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Prison-Food Reporting Failure Found in Nevada

CARSON CITY, NEV. (CN) - A Nevada official violated state law by not properly analyzing and reporting on the nutritional content of food served to prisoners, the Nevada Supreme Court ruled.

The New Year's Eve decision says state law requires Nevada Chief Medical Officer Tracey Green to regularly examine and report on the nutritional content of food served in state prisons.

Lovelock Correction Center inmate Robert Leslie Stockmeier petitioned a court for mandamus and injunctive relief to have Green examine the food fed to inmates and file twice-yearly reports to the Board of State Prison Commissioners in accordance with Nevada Revised Statute 209.382(1)(b).

The reports are intended to ensure the food fed to state prisoners is adequately nutritional, but a judge in Carson City denied Stockmeier's petition.

In his complaint, Stockmeier said Green never examined the ingredients of the food served, and instead relied on a report from a dietician who examined only a menu of food served to inmates.

Stockmeier also accused Green of ignoring a study by a Nevada Department of Corrections dietician, who said the food served was "high in sodium, cholesterol and protein, which could lead to obesity, heart disease and diabetes," the decision states.

Responding to Stockmeier's complaint, Green said she "regularly inspected" the food provided to inmates and recently submitted a report with no recommendations to the state's prison commissioners.

Green provided a copy of the cover letter she sent to the acting director of the Department of Corrections but did not include a copy of the actual report for the district court to review, the Nevada Supreme Court found.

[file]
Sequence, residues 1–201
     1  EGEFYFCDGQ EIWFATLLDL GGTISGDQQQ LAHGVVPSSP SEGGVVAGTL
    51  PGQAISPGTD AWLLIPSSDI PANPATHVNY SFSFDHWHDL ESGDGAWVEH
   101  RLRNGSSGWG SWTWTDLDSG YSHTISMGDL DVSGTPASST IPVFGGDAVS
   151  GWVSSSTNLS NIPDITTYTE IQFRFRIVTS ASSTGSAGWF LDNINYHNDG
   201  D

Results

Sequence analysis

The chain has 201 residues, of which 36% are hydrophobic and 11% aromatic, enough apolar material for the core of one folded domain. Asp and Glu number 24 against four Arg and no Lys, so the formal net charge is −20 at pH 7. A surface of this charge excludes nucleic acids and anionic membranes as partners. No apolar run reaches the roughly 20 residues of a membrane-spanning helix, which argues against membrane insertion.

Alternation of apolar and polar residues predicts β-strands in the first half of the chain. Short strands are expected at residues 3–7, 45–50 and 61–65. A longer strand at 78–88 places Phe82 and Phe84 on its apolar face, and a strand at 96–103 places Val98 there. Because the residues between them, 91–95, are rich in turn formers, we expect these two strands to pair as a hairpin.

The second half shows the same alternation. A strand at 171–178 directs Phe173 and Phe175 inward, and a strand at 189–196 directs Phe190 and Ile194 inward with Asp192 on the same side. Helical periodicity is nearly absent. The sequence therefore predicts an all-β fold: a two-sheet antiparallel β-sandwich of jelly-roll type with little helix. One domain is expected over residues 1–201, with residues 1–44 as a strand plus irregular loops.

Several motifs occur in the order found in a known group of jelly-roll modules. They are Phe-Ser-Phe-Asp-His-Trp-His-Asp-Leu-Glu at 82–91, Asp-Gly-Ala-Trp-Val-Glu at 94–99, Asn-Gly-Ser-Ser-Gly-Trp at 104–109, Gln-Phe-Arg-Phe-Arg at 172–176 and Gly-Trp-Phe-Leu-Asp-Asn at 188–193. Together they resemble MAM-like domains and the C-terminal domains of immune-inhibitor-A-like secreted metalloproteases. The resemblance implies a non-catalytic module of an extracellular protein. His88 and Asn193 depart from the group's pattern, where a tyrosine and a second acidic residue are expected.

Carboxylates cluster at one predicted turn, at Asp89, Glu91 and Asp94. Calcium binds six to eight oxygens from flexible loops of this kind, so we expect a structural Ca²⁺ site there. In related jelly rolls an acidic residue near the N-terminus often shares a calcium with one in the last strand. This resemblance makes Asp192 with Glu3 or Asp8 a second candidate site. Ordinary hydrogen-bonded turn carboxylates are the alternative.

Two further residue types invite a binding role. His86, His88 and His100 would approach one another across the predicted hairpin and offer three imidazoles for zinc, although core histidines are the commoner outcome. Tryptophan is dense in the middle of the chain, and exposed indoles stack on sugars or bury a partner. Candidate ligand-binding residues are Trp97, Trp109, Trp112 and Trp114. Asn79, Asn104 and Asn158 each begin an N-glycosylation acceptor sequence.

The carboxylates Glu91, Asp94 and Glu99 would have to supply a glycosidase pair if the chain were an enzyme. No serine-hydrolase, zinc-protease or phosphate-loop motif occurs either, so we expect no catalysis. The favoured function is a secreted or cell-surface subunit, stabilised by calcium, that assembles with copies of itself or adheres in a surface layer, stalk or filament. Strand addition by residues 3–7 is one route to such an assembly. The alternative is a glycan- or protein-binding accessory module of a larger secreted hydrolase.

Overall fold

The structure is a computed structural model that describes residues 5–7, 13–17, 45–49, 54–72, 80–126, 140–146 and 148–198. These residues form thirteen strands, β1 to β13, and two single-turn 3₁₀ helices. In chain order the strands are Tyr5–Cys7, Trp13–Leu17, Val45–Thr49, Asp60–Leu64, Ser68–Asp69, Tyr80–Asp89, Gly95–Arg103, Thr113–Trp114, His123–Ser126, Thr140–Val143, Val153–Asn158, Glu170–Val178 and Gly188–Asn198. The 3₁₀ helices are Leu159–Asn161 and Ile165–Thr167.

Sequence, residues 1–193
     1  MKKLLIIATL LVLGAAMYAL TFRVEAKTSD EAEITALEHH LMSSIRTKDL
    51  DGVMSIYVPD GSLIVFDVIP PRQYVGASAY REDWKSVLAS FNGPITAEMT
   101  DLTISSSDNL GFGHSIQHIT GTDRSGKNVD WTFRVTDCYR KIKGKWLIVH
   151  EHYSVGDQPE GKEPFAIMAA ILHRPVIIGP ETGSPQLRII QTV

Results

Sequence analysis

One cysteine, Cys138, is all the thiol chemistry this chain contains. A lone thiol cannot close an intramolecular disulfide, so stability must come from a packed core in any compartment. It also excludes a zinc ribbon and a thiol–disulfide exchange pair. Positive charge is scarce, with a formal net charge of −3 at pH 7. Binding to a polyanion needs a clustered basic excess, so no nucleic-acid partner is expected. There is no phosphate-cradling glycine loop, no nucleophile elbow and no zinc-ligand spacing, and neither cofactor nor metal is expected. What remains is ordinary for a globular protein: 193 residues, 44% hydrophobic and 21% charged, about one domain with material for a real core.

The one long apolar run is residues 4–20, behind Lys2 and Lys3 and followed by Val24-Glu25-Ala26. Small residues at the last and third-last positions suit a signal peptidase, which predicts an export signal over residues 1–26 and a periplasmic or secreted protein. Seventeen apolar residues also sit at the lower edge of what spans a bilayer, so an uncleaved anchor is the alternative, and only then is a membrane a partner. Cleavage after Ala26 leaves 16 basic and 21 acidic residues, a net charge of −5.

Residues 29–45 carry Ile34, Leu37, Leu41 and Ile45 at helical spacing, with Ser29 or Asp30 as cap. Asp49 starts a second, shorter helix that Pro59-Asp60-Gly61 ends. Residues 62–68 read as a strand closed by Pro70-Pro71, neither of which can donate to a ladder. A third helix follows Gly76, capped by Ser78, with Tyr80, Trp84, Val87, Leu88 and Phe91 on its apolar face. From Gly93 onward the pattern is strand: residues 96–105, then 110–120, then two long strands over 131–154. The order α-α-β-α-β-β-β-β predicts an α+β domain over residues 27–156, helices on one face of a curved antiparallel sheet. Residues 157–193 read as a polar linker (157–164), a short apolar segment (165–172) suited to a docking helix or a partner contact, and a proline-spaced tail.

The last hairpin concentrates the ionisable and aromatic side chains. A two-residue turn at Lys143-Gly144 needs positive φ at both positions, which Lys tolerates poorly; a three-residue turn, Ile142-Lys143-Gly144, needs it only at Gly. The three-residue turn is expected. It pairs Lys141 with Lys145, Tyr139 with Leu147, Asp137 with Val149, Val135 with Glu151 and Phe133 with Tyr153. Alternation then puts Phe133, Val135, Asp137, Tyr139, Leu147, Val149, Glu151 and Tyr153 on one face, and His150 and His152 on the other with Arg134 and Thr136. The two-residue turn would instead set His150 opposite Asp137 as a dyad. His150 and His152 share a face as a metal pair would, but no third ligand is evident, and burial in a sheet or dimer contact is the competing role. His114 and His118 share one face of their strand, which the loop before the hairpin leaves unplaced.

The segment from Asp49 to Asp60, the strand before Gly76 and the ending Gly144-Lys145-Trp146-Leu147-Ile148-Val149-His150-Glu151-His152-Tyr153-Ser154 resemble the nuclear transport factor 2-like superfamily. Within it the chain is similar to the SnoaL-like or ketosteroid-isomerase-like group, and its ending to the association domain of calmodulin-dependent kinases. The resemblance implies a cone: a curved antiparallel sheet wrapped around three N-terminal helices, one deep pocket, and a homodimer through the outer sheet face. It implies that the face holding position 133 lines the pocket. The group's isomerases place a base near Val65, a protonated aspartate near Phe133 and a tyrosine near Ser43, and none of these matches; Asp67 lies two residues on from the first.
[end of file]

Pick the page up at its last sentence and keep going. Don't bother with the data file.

Wednesday's ruling notes that the state Supreme Court originally reversed for the pro-se Stockmeier back in March. That decision called for Green to submit the actual reports behind her cover letters, but the 2011 report Green submitted on remand did not sway the court this month.

Writing for a three-judge panel last week, Justice Michael Cherry said the 2011 report "focused mainly on issues regarding medical care and sanitation in Nevada's prisons, rather than the diets served to the inmate population."

"To the extent that inmate diets were discussed, the report indicated that a dietician had reviewed the regular and medical diets provided for inmate consumption at one facility every six months and that the hospital at that facility had met the nutritional needs of prisoner-patients," Cherry added.

Though the district court again denied Stockmeier's petition, the state Supreme Court said Wednesday that Green's report "fell well short" of state requirements by only addressing the food served at one prison, not analyzing the contents and providing no information on how the she conducted the examination.

The panel slammed the lower court for finding that Green need only ensure that prisoners were not malnourished, saying "the record demonstrates Greens' failure to sufficiently examine and report upon the nutritional adequacy of inmate diets."

Nothing in the report that the trial court reviewed addresses the "nutritional adequacy" of the food served to the general population, the court found.

Instead, the report admits that a dietician examined only the menus of food served at the Lovelock facility and never visited the prison, the panel found.

The menus provided no information on the nutritional value of the food served and sometimes did not describe the actual food, according to the ruling.

"For example, every lunch entry on the menu simply describes the lunch offering as 'Sacks,' while certain dinner offerings are identified as 'Chefs Choice,'" Cherry wrote. "Thus, even if this menu-based review had formed a part of Green's examination of inmate diets, such menus could not possibly provide a basis for sufficiently examining their nutritional adequacy."

On remand the trial court must issue a writ of mandamus compelling Green to comply with NRS 209.382(1)(b).

Justices James Hardesty and Michael Douglas concurred.

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